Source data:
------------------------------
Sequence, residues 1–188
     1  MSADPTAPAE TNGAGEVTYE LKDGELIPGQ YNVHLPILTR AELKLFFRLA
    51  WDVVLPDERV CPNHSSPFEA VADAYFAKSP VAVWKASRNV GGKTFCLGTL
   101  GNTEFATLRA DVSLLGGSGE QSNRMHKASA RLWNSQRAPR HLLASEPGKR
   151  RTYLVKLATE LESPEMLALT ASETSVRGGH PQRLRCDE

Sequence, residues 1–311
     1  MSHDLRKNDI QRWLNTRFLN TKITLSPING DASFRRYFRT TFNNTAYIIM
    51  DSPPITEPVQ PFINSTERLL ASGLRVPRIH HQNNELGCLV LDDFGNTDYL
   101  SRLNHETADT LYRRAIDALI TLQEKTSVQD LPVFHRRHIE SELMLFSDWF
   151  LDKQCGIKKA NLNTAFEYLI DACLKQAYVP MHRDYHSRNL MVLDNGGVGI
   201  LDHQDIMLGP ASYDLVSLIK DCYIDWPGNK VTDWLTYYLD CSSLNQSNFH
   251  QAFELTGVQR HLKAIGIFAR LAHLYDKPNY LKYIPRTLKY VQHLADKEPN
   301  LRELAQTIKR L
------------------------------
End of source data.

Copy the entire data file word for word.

Sequence, residues 1–188
     1  MSADPTAPAE TNGAGEVTYE LKDGELIPGQ YNVHLPILTR AELKLFFRLA
    51  WDVVLPDERV CPNHSSPFEA VADAYFAKSP VAVWKASRNV GGKTFCLGTL
   101  GNTEFATLRA DVSLLGGSGE QSNRMHKASA RLWNSQRAPR HLLASEPGKR
   151  RTYLVKLATE LESPEMLALT ASETSVRGGH PQRLRCDE

Sequence, residues 1–311
     1  MSHDLRKNDI QRWLNTRFLN TKITLSPING DASFRRYFRT TFNNTAYIIM
    51  DSPPITEPVQ PFINSTERLL ASGLRVPRIH HQNNELGCLV LDDFGNTDYL
   101  SRLNHETADT LYRRAIDALI TLQEKTSVQD LPVFHRRHIE SELMLFSDWF
   151  LDKQCGIKKA NLNTAFEYLI DACLKQAYVP MHRDYHSRNL MVLDNGGVGI
   201  LDHQDIMLGP ASYDLVSLIK DCYIDWPGNK VTDWLTYYLD CSSLNQSNFH
   251  QAFELTGVQR HLKAIGIFAR LAHLYDKPNY LKYIPRTLKY VQHLADKEPN
   301  LRELAQTIKR L